Change is always a challenge. Sometimes it’s for the best, but doing something different takes an open mind and a fair amount of courage.
When Hunterdon Academy of the Arts decided to change the pre-school music program to Musikgarten, I naturally had to ask why. Why should all the teachers take time to re-train? Why change the music cd’s and some of our methods? Wasn’t the program we had been offering for over 20 years a quality program?
Of course it was. But that shouldn’t stop us as educators from seeking out different programs offering better methods, firmly based on the most up-to-date research of experts in early childhood music education and child development.
The Musikgarten program unfolds like a well-written story. It starts by exposing our youngest students to delightful songs, finger plays and dances that stimulate the senses and gives caretakers the chance to share precious giggles and hugs. The toddler and 3-4 year-old curriculum (Cycle of Seasons) continues the journey by repeating the tonal and rhythm patterns from familiar songs and giving these active little ones the chance to move, move, and move! At the Music Makers level, children begin to see how music is notated, again using those familiar patterns. Now, how easy is that? With more dances, music from around the world, storytelling and Orff instruments (trust me, these are way cool), the musical development of our students just grows and grows. Not to mention the side benefits of getting along with others, developing attention and listening skills, learning turn taking, classroom behavior and all that students need to be successful in school.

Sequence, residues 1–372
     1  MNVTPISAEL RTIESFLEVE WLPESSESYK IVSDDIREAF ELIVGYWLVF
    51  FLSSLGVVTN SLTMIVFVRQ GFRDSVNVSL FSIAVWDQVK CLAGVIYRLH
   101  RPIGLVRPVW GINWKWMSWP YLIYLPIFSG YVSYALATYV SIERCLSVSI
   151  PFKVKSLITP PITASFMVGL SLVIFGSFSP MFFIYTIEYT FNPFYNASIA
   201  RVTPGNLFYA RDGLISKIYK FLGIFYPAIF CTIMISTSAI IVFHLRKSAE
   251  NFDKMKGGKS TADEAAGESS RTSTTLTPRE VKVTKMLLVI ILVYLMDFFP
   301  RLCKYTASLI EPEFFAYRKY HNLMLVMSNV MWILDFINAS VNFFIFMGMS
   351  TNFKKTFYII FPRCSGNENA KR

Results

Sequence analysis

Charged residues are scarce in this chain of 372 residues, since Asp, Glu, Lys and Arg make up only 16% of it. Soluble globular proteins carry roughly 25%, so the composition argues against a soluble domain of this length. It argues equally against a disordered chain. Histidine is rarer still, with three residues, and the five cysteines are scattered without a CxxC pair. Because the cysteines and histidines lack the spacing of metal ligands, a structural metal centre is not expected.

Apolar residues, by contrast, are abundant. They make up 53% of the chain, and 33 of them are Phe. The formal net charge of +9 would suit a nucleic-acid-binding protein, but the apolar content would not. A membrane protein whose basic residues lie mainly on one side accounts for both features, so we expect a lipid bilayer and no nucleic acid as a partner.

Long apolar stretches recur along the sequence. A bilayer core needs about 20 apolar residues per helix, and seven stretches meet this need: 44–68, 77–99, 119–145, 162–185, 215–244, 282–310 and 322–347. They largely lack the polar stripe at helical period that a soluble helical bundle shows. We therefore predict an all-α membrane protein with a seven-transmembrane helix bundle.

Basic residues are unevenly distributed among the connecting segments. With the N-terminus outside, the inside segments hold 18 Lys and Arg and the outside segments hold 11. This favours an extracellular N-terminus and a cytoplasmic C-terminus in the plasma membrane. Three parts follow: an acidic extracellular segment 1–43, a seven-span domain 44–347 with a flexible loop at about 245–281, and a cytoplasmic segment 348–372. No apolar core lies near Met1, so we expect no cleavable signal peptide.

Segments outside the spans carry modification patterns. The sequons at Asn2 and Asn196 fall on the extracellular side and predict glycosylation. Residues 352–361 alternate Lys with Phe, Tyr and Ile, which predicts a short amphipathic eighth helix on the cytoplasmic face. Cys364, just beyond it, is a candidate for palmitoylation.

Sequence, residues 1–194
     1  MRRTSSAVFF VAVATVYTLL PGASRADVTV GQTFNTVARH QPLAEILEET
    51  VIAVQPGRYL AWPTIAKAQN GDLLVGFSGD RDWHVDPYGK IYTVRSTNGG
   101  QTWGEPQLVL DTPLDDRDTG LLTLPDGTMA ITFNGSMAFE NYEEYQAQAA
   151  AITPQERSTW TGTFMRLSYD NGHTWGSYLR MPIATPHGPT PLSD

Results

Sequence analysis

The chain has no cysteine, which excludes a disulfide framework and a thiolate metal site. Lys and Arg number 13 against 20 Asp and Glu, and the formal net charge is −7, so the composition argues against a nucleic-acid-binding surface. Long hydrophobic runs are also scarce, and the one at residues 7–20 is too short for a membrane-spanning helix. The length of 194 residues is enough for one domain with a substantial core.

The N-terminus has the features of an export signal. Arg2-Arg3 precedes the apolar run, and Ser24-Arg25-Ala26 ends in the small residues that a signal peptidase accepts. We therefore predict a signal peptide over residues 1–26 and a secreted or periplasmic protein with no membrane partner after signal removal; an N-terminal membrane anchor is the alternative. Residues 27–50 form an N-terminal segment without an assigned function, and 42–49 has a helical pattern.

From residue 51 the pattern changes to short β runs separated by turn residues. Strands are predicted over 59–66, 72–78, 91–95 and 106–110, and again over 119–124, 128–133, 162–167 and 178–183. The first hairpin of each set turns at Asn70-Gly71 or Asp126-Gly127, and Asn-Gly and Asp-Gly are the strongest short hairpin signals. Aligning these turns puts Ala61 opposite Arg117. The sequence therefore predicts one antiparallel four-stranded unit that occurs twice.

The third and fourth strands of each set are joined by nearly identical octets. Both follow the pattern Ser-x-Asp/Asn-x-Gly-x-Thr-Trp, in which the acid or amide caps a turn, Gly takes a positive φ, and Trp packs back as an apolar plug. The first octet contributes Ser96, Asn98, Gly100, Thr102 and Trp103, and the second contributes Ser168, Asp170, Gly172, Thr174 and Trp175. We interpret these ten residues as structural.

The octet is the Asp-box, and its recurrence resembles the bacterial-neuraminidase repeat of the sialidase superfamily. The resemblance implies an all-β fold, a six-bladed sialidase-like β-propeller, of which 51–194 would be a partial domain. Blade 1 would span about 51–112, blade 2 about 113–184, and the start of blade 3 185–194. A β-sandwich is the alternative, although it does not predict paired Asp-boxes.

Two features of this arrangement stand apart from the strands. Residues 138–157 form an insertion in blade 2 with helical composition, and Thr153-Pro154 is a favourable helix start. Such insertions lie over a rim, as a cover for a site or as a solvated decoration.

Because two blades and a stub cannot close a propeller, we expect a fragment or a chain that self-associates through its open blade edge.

I am often asked by parents if we can offer their five-year-old piano lessons. My response is that we don’t find too many children that age with no prior music education experience who can be successful. They have shorter attention spans and don’t like to practice consistently. That just results in giving up, and the family deciding that “music lessons” are not for them. How sad that would be when the solution, in my opinion, would have been to spend a year or two preparing the child for those private lessons with a program specifically designed for young children, like Musikgarten. The classes for 5 and 6 year olds include singing, dancing and age-appropriate music instruction. When children reach age seven, they can’t wait to make music at the keyboard!
This easy, sensible progression to musical literacy that Musikgarten offers is the main reason why HAA decided to make the change. This is one teacher who thinks it was a great idea!
Michele Collins, Musikgarten Teacher at Hunterdon Academy of the Arts